Why would you bother with the OnePlus, then? Well, the photos it takes are kind of cool. The really good OnePlus photos are easier to produce than really good photos from most other cameras, if you stick to the portraiture at which the Hasselblad-tuned image processor excels. 

Samsung Galaxy S23 Ultra review camera

The Galaxy S23 Ultra has many lenses (Image credit: Future | Alex Walker-Todd)

With the Galaxy S23 Ultra, you can take photos of your dog that will capture the fine detail in every bristle of fur. With the OnePlus 11, you might capture the feeling of that Sunday morning, lounging on the couch. I'd rather have the feeling than the detail, usually. 

That said, the OnePlus 11 is far too limited to recommend to everyone, or even most people. If you're a photographer who prefers a prime lens with a wide aperture, this phone is for you. If you have no idea what that sentence means, go with the Galaxy S23 Ultra. 

Samsung Galaxy S23 Ultra vs OnePlus 11: performance

Here's where things get a bit nasty. The Samsung Galaxy S23 Ultra is faster than the OnePlus 11, even though both phones use the Qualcomm Snapdragon 8 Gen 2 chipset, and the OnePlus we tested has more RAM. 

How much faster? The Snapdragon has eight cores in its application processor. The fastest of those, the Cortex X-3 core, is five percent faster on the Samsung. Is that a lot? It depends on what you're doing, but no, not really. 

Samsung Galaxy S23 Ultra review buttons

The Galaxy S23 Ultra from the side (Image credit: Future | Alex Walker-Todd)

If you're running a benchmark app, it seems like a lot. On the popular Geekbench software, the Galaxy S23 Ultra has managed to crack a score of 1600 on single-core processing performance. That is undoubtedly thanks to the faster Cortex X-3 core.

Of course, we've clocked an iPhone 14 Pro at well over 1800 on the same test, which means even the fastest Android can't match an iPhone's performance.

On multi-core tests that tax the entire CPU, the OnePlus 11 and the Galaxy S23 Ultra scored within 100 points of each other, both just over 4900. My iPhone 14 Pro scored just under 5500 points on multi-core tests.

OnePlus 11 in green on wicker basket top with screen on

OnePlus 11 side view (Image credit: Future / Philip Berne)

What this means in practice is that we shouldn't believe benchmarks, and the tiny difference between the Samsung chipset and the OnePlus won't matter to anyone, even the most hardcore gamers.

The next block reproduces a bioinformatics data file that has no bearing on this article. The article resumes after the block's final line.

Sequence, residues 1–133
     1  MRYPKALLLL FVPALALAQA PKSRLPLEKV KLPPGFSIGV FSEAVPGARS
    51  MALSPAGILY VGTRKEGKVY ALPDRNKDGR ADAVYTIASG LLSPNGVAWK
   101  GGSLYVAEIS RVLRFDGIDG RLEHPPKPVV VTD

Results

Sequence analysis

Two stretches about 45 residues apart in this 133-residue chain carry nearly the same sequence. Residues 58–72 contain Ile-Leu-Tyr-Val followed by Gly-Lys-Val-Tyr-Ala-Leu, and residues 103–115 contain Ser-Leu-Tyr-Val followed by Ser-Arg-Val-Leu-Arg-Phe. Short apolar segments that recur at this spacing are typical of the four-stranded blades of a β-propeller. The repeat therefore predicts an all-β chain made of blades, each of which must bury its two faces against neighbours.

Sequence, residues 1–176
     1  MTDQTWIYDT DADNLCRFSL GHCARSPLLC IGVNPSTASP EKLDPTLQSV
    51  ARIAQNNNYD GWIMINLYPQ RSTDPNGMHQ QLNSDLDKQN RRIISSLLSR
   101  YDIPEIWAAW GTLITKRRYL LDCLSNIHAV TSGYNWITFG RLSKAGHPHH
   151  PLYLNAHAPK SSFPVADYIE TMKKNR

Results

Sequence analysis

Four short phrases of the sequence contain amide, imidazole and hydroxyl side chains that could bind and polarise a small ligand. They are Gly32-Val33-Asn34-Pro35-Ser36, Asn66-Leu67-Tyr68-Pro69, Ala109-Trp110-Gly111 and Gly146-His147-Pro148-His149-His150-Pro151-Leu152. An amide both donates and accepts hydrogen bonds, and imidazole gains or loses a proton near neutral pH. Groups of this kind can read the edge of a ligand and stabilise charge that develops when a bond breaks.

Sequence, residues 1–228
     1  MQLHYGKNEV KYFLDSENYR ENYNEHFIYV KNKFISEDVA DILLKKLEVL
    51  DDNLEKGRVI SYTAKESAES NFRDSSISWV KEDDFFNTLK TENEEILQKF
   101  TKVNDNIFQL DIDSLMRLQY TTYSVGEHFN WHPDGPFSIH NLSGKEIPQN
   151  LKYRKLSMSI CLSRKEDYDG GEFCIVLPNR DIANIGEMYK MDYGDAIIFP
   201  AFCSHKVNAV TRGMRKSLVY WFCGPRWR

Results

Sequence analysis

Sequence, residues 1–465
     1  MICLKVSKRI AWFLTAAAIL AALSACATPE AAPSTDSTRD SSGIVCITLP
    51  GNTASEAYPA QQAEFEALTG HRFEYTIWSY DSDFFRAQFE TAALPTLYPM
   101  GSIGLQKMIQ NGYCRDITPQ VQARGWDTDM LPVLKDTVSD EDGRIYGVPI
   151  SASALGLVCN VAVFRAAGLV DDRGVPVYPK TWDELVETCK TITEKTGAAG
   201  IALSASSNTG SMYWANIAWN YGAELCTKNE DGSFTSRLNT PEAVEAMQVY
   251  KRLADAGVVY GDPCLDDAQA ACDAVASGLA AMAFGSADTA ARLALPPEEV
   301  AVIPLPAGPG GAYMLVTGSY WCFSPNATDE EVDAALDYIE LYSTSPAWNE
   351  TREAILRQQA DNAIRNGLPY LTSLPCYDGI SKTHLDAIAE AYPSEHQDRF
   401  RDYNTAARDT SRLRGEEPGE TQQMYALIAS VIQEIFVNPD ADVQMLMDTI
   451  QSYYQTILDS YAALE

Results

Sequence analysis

I got 90 fps playing Call of Duty Mobile on the OnePlus 11 in multiplayer mode, and it looks every bit as good as it does on a Galaxy S23 Ultra.

In fact, playing games side-by-side, I found it was the iPhone that looked the worst of the three. Apple's more natural color palette does not enhance gameplay the way the vivid displays on the Android phones make my games pop.

Samsung Galaxy S23 Ultra vs OnePlus 11: battery

Both the Galaxy S23 Ultra and the OnePlus 11 use the same battery size, a 5,000 mAh cell, but that's not the whole story. Most importantly, the Galaxy phone lasted longer. It can last a bit longer than the OnePlus under normal use. 

Samsung Galaxy S23

The USB-C port on the Galaxy S23 Ultra (Image credit: Future)

I could get the OnePlus to last through a day of use if I didn't tax the gaming or camera features too hard, but I usually charged it mid-day just to be safe. The good news is that a mid-day charge only takes a few minutes. If I let the phone charge on my lunch break, it will reach 100% before I'm done eating, in about a half hour or so.

The Galaxy S23 Ultra doesn't charge as fast, but it's no slouch. It can get to 50% in less than 30 minutes. You can also leave the Ultra on a wireless charger to keep it topped up. You can even use the S23 Ultra to wireless charge another device, like your earbuds or a friend's drained iPhone.

OnePlus 11 in green on wicker basket top with screen on

USB-C on the OnePlus 11 (Image credit: Future / Philip Berne)

The OnePlus does not include wireless charging. The company thinks wireless charging is a good cost-cutting sacrifice, and with such a fast wired charge time, I'd have to agree.

One final note is that OnePlus includes a charger in the box, while Samsung does not. Strangely, the OnePlus charger this year takes a step backward with USB-A on the plug side, and a USB-A to USB-C cord included. You need that special plug to get the fastest charging.